Over the past several years, Costa Rica has generated the vast majority of its electricity from renewable sources, including geothermal power.
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Japan has agreed to loan Costa Rica $224 million to finance part of the construction of a geothermal project in Liberia, Guanacaste.
Despite declarations from the executive branch that the Costa Rican government will not pursue geothermal electricity development in national parks, the office of governing Citizen Action Party legislator Ottón Solís is working on a bill to allow it in three volcanic protected areas.
Costa Rican President Luis Guillermo Solís attended the signing ceremony, saying the planned geothermal projects “will not interfere with territory in national parks.” Instead, he said they involve “new technologies that permit the exploration and utilization of wells without damaging conservation areas.”
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A delegation led by President Luis Guillermo Solís on Monday will meet with representatives of the Japanese government to sign a $550 million loan to finance the construction of three geothermal power plants in the northwestern province of Guanacaste.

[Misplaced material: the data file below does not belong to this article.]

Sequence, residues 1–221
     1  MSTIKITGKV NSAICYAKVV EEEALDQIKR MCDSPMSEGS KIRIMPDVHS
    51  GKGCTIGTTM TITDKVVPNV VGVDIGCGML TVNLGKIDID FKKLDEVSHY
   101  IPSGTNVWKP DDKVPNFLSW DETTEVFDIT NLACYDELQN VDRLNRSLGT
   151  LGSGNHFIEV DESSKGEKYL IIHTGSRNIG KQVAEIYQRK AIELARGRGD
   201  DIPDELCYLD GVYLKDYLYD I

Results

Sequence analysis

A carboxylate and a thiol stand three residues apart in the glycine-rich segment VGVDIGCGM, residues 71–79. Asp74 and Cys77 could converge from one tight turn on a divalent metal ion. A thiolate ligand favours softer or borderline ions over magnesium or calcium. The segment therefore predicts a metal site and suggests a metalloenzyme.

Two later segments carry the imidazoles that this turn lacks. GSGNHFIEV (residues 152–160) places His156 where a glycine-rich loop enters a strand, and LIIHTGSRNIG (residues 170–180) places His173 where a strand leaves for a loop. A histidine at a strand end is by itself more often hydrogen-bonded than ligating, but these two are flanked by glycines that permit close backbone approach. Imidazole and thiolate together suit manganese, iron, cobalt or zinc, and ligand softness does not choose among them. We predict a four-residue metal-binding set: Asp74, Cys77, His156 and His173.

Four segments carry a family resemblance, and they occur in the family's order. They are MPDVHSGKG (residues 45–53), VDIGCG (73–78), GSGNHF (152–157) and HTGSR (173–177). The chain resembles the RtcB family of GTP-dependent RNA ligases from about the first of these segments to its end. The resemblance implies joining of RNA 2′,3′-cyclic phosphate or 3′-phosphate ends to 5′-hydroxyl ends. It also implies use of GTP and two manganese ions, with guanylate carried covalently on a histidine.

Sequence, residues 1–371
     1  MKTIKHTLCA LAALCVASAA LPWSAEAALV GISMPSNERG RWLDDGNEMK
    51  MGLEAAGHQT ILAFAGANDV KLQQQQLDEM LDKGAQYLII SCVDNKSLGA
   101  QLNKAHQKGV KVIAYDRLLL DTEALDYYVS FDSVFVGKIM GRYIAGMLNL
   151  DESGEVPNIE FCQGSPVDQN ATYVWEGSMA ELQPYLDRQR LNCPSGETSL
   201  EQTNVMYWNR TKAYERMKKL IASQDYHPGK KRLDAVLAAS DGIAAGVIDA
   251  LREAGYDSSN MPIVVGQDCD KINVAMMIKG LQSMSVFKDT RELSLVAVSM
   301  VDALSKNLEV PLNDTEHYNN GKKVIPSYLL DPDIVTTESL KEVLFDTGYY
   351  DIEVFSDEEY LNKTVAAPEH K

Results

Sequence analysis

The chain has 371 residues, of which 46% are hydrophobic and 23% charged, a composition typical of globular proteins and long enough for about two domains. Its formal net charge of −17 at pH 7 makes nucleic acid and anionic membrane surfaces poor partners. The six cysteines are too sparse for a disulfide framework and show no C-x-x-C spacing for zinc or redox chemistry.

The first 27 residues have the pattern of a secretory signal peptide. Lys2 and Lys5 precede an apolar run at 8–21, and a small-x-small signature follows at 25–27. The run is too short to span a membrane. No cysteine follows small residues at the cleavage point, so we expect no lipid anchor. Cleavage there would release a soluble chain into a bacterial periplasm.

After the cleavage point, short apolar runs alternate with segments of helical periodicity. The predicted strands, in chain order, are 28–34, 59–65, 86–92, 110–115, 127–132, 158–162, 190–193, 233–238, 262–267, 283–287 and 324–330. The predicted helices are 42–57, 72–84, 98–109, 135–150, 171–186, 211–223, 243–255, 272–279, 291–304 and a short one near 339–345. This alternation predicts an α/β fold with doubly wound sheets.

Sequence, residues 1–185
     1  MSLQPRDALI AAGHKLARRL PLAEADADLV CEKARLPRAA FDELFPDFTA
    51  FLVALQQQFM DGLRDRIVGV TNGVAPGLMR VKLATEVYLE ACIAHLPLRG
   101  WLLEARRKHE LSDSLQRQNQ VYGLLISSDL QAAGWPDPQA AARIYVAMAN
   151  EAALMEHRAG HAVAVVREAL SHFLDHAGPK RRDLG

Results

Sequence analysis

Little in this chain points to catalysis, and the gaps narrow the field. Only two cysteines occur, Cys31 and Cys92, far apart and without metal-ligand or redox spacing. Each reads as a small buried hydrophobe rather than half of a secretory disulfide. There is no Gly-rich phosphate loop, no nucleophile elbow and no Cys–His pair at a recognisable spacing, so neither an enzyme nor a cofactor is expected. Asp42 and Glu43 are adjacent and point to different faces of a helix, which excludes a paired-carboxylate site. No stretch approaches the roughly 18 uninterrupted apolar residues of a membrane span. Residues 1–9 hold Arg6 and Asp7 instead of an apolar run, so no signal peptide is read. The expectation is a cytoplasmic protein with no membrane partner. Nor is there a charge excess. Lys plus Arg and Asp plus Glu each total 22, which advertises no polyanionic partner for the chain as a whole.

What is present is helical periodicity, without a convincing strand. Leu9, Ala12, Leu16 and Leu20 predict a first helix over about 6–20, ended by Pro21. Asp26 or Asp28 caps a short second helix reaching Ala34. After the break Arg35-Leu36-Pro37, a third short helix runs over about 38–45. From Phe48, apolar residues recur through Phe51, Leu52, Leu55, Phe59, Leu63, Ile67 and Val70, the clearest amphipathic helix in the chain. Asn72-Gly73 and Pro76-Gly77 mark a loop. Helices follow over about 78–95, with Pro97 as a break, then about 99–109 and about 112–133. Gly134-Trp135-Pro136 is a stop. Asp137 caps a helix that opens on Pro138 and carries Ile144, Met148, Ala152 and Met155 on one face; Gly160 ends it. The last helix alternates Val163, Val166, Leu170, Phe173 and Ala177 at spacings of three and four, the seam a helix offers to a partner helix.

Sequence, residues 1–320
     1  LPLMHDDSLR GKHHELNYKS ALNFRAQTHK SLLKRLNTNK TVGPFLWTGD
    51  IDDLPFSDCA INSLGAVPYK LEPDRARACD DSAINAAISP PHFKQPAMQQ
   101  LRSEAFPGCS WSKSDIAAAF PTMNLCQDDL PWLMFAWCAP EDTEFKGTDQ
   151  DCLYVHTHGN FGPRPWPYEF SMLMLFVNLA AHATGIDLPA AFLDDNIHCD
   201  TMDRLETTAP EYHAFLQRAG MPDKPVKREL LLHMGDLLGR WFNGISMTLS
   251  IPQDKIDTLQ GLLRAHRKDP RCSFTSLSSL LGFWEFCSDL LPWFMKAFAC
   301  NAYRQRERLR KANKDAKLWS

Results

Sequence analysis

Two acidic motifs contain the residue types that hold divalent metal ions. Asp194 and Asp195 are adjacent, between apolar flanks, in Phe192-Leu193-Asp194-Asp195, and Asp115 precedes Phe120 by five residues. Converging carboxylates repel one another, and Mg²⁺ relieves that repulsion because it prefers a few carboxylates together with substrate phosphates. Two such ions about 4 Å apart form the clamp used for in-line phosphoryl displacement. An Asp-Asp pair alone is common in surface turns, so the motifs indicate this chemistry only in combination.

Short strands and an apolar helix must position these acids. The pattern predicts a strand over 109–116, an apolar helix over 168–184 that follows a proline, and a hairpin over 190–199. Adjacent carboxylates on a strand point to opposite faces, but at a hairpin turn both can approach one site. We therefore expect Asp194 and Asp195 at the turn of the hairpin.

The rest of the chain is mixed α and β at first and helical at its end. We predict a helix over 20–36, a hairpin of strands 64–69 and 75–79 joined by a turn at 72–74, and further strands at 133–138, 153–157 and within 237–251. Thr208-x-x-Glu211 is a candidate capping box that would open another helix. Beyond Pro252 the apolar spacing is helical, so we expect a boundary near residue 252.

Geothermal energy, the productive use of the vast quantity of thermal energy within Earth's crust, is one of the few renewable, low-carbon emission energy sources that can consistently generate power 24-hours a day, irrespective of the season.
A $560 million loan over the next 40 years will hopefully bring Costa Rica closer to its goal to generate 95 percent of its electricity with renewable resources.
Lawmaker José María Villalta, a member of the legislative Energy and Environment Commission, called for a national discussion on the geothermal energy issue.
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